Implications of the Study
Implications for Theories of Compliance
There is an obvious need to move beyond traditional competing theories of compliance which focus on one aspect to the exclusion of other significant factors. For example, following Franck’s concept of compliance as arising from legitimacy and fairness in the rules would lead to the conclusion that China chooses whether or not to comply with the TRIPS Agreement on the basis of TRIPS obligations alone (Franck 1995). Equally, taking a more neo-realist stance would lead to the conclusion that China chooses whether or not to comply based primarily on any possible sanctions that may be imposed for noncompliance (Neuhold 1999). Clearly, these limited approaches are insufficient to fully explain TRIPS compliance in China, and thus a more comprehensive approach is necessary. Such a comprehensive approach would move beyond the role of the state, which is the preoccupation of traditional theories of compliance, but without discounting the state as a key actor altogether in favour of a more bottom-up approach, as recent liberal theory does (Slaughter 2000). The state still plays a major role in compliance with international obligations, particularly in China, and in the field of IP, the role of the state is considerably more important than that of individuals or NGOs. Consequently, an inclusive model of compliance should incorporate features from several pre-existing theories of compliance to offer a more complete tool with which to analyse compliance with international obligations. This has proved to be the most useful approach to follow in assessing TRIPS compliance in contemporary China and it is proposed that this approach is also applicable to other international agreements and in other states.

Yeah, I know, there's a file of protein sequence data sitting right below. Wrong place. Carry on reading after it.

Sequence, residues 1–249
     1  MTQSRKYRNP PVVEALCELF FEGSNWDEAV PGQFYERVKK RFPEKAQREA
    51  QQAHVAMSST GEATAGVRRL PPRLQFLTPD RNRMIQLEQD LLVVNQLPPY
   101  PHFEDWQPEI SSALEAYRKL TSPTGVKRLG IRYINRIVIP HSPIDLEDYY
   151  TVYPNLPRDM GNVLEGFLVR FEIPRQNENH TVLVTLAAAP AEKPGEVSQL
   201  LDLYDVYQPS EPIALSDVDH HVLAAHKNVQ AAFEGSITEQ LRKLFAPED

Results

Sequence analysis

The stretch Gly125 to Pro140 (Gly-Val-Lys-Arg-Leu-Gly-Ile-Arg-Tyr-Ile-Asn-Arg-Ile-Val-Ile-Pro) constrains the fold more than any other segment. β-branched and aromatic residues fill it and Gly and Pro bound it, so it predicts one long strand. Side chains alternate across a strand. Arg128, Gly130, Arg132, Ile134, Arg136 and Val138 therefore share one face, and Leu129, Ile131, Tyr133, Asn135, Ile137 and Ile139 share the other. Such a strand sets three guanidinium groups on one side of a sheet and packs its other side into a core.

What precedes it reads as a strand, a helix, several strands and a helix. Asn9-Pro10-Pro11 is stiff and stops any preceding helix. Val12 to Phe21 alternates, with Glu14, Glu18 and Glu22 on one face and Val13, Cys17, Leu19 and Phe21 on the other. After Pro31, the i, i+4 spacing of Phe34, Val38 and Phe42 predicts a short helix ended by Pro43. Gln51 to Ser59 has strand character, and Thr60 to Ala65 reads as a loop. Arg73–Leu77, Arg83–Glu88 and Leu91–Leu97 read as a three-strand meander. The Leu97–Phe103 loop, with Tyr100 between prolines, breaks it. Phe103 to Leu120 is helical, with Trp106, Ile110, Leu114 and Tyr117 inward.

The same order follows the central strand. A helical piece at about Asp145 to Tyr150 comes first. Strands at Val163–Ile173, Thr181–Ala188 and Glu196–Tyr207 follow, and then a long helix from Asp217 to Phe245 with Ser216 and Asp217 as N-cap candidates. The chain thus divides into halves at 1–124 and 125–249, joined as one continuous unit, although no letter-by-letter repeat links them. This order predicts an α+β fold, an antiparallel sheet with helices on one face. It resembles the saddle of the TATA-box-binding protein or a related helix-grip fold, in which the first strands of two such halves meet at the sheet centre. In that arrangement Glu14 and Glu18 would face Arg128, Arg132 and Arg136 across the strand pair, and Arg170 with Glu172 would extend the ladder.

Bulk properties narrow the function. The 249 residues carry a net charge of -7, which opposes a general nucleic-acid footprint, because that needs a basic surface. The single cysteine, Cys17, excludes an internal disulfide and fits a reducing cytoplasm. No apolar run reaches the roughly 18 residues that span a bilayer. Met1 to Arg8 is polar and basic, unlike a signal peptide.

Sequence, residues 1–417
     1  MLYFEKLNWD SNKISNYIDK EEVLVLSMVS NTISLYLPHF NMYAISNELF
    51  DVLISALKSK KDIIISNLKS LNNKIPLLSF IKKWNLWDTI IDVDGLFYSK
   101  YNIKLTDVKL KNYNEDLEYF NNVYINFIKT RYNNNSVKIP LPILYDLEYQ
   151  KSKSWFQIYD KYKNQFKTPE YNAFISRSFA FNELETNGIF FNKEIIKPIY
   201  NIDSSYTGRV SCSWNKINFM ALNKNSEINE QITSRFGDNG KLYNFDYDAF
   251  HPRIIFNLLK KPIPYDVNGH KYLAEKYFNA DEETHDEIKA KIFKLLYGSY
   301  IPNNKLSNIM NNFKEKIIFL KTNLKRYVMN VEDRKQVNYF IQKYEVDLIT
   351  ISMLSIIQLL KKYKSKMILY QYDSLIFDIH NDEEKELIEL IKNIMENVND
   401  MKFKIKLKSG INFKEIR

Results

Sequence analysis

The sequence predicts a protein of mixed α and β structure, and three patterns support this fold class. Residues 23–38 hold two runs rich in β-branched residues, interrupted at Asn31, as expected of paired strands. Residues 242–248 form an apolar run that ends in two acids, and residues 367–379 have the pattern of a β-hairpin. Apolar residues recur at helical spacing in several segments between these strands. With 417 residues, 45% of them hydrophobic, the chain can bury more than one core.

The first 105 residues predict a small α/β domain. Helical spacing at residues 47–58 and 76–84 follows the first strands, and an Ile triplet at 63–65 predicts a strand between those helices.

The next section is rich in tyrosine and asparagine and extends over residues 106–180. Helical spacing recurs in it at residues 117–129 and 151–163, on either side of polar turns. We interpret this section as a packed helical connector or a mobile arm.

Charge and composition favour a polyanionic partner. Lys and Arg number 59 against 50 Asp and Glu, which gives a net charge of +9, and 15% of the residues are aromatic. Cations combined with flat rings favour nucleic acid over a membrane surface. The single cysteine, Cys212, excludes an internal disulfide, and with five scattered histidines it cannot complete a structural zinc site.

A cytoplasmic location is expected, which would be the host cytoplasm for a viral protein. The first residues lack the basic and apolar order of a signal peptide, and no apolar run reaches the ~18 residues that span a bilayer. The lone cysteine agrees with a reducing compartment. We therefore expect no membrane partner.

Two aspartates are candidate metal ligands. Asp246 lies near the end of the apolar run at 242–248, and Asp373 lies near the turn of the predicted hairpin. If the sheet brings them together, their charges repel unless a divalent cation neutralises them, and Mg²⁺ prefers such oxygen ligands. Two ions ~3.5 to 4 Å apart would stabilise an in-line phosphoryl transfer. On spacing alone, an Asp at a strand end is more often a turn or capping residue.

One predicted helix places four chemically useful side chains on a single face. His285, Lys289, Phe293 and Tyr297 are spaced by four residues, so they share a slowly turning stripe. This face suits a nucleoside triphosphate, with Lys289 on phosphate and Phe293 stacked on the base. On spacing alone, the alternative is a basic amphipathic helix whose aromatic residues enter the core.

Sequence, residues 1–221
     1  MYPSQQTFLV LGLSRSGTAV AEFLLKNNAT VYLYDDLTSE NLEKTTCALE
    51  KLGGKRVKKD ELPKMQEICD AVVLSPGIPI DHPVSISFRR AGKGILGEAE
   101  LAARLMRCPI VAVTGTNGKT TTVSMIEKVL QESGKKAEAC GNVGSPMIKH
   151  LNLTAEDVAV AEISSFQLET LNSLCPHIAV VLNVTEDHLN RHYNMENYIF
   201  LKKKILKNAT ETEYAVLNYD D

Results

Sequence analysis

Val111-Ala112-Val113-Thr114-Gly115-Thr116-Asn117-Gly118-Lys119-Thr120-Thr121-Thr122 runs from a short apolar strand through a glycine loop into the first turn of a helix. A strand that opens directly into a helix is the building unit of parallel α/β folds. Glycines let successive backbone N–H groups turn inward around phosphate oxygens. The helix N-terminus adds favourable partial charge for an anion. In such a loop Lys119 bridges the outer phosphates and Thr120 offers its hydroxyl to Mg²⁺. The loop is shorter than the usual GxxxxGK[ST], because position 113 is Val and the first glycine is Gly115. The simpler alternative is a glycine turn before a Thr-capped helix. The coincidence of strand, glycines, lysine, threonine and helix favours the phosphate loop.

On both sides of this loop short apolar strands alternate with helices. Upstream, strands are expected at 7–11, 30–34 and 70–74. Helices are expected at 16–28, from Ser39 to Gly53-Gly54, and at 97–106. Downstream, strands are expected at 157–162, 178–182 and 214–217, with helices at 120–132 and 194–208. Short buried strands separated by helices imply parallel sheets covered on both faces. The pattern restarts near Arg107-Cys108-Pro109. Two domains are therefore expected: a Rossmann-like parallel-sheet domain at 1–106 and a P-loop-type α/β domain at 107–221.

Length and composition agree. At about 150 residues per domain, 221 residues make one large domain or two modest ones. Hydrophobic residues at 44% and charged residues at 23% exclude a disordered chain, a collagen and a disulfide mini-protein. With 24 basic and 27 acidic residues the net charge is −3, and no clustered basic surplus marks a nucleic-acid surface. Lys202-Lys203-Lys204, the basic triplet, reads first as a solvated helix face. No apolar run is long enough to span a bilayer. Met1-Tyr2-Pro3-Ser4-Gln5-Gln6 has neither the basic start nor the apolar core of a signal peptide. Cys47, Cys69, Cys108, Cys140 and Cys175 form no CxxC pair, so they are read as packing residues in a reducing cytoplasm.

Equally, this study has implications for the study of the development of law in China. Previous studies of law in China have tended to focus on one key concept of legal development to the exclusion of other concepts and theories. Concepts such as legal legitimation and transplantation, and selective adaptation alone, are insufficient to fully appreciate the complex and dynamic processes of legal development in China. It is undeniable that China’s development of modern IP laws has not been solely “a passive process of accepting Western rules; rather it is a dynamic process” (Bruun and Zhang 2016, p. 44). Thus, one could argue that an approach solely focused on the reception of legal transplants into Chinese law is limited and needs to be expanded to incorporate consideration of the other categories of influential factors used in this study. Consequently, it is proposed that the revised and dynamic model of compliance outlined in the previous section is applicable not only to compliance with other areas of international law, but also to other aspects of law within China.